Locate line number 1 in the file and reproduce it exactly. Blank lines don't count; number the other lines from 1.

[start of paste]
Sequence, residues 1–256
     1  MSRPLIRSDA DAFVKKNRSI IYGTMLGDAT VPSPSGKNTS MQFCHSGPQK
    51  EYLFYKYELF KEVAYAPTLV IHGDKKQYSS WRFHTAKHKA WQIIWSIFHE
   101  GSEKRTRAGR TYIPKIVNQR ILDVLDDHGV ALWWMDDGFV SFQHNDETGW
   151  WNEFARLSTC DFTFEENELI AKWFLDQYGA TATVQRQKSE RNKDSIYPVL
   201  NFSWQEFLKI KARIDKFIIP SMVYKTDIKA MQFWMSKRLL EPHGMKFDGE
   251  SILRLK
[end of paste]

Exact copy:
Sequence, residues 1–256